A day before the Pope is due to meet Hassan Rohani, human rights organisations are circulating facts and figures about the excessive use of the death penalty
It is a “deadly injustice”. The figures on the implementation of the death penalty in Iran “are very worrying indeed”, Mahmood Amiry-Moghaddam tells Vatican Insider. Amiry-Moghaddam is an Iranian doctor who has lived in Norway for many years and is founder of the Iran Human Rights organisation. The NGO was created by Iranian citizens who sought political asylum abroad but are still in direct contact with the homeland. Hence, President Hassan Rohani’s visit to Europe, which includes stops in Italy and the Vatican, is a chance to call for a moratorium on the death penalty.
The figures contained in IHR’s report titled “Deadly Injustice” are alarming: 648 people were executed in Iran in the first semester of 2015, a stark increase compared to 2014, when a total of 753 executions took place in one year and 2013, when 687 executions were carried out in total. “The average number of victims is almost 4 people a day. We are concerned because it’s the highest average in the last 21 years and we do not know why Rohani’s government promotes executions being carried out at such an intense rate,” he explained.
Most of the victims (463 out of 648 in 2015) are sentenced to death for drug-related crimes. “But the victims are often the smugglers who are paid pittance, certainly not those who organise the trafficking,” Amiry-Moghaddam observed. Drug trafficking and dependency are growing among young people and the authorities are using the death penalty as a deterrent against crime. But the death sentence is not the solution and is not an efficient means of curbing crime. We want the executions to stop.”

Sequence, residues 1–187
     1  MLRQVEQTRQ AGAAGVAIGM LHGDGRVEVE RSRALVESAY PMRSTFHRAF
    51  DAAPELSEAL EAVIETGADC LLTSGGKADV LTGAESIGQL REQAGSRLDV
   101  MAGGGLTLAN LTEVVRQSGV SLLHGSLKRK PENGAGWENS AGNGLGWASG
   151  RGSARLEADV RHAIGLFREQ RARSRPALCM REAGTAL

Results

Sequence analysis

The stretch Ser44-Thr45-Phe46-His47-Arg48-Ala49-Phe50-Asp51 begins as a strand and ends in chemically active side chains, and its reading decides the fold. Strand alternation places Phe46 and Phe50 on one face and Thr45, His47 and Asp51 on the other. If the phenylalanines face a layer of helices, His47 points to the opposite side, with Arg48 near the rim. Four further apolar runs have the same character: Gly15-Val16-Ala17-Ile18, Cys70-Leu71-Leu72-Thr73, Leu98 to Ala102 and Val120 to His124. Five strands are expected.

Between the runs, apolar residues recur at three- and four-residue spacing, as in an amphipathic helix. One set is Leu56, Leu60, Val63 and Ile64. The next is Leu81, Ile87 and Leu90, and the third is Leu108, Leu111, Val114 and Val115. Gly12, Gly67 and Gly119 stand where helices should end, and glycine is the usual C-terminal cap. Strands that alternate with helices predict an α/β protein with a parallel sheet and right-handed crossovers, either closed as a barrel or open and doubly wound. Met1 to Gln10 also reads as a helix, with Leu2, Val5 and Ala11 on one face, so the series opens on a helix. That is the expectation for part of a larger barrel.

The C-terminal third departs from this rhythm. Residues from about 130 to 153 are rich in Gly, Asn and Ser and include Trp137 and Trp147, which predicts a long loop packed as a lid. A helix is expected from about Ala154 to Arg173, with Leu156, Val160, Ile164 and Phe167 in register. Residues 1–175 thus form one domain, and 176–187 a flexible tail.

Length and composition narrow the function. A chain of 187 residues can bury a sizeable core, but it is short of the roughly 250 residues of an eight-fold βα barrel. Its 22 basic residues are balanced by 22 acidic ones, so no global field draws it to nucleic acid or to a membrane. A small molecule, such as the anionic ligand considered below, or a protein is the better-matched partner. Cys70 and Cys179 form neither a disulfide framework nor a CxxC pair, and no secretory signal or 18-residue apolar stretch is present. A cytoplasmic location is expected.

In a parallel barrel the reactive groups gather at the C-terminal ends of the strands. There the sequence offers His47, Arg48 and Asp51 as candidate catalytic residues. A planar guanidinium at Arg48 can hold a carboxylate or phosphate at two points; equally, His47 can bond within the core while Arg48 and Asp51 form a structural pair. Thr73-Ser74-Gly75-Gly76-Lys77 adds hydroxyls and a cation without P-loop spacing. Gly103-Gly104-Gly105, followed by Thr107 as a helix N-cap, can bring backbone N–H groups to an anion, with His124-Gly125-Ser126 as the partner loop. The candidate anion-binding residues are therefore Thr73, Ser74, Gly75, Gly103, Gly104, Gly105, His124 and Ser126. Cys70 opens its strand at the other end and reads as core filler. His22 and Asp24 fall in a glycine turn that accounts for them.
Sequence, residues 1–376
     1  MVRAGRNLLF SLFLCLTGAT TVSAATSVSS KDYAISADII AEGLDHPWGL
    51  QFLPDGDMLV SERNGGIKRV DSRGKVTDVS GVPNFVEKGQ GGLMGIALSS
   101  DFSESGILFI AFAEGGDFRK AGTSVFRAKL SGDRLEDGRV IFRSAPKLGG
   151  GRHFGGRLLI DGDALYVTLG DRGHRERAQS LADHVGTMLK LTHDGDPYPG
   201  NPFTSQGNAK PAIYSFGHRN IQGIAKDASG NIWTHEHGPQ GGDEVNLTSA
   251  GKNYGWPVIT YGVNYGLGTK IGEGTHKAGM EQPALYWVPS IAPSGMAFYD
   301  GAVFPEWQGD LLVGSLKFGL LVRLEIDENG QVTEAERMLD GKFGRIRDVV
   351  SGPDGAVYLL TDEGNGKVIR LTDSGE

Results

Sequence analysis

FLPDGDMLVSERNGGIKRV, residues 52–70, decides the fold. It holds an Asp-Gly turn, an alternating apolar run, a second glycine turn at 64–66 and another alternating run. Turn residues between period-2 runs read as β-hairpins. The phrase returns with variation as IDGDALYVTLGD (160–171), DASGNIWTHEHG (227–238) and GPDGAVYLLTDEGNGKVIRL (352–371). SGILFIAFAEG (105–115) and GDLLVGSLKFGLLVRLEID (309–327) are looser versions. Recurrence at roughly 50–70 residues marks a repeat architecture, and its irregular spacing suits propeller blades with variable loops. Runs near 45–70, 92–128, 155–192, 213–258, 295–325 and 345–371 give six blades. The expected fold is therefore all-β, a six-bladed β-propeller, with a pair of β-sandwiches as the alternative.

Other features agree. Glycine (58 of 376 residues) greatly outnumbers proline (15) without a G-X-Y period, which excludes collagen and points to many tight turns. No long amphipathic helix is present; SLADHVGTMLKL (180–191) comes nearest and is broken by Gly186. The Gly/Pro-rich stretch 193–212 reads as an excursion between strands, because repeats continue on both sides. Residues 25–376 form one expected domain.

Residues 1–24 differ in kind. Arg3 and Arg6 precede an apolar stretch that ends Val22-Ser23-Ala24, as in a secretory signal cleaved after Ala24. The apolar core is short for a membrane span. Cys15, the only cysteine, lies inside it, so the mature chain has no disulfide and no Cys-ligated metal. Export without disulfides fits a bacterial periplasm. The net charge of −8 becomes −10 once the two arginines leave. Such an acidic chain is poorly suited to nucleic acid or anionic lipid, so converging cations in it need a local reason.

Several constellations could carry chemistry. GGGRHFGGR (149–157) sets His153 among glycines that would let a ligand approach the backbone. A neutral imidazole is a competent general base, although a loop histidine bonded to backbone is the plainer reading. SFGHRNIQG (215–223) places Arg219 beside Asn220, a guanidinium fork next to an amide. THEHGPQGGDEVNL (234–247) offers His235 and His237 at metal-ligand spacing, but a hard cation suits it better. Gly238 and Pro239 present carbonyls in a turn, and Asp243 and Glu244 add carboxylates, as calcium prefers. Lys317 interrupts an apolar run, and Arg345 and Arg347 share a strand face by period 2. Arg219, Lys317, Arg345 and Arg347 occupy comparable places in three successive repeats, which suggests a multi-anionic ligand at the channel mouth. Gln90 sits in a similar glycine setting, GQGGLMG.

“We believe that the meeting between Rohani and the Pope scheduled for 14 November, could be important” in drawing attention to the principle of respect for life and the inefficiency of a practice such as capital punishment. “Even though the Vatican is not a political power, it has a strong influence in terms of values as well as in symbolic terms. A comment from the Pope could have an impact: we are asking Francis to put the human rights issue on the discussion agenda.”
“Other states avoid this on account of economic, political and security interests. They avoid it out of convenience. The Pope has the freedom to ask for a moratorium on the death penalty in Iran,” he continued.
Assessing the standard of respect for human rights in Iran, Mahmood Amiry-Moghaddam remarked: “Besides the right to life which we mentioned, looking at the freedom of expression, there has been an increase in the number of blogs and the use of social media but there are also recurring waves of repression against journalists.”
Regarding freedom of conscience, he said: “we have been informed that those who convert from Islam to other religions are under pressure and society is faced with a new problem that is growing: discrimination against religious minorities. Blasphemy is punishable by execution. The system uses Islam to put pressure on the people and deny legitimate rights,” he affirmed.
But the IHR leader sees a glimmer of hope on the horizon: “Despite these difficulties, the international community has a role to play at the moment and can have a positive impact given the current climate of political and economic openness.”
This is where the Pope comes in: “Years ago, there was talk of a “dialogue between civilizations” between Iran and the Vatican and this is still possible: a frank, open and constructive dialogue is always useful and fruitful. When there is sincere dialogue, one can speak not just about the positive points but also about critical aspects, with a view to overcoming them,” he said with a sense of hope.
Mahmood Amiry-Moghaddam noted that “Pope Francis is popular in Iran, especially among young people. Some months ago, his words against the death penalty went viral and attracted support, particularly given that in the Middle East there are many other religious leaders who call for a more stringent application of it. Francis has created a very positive impression among the Iranian people who appreciate his stance on poverty, care for the environment, dialogue and welcome.”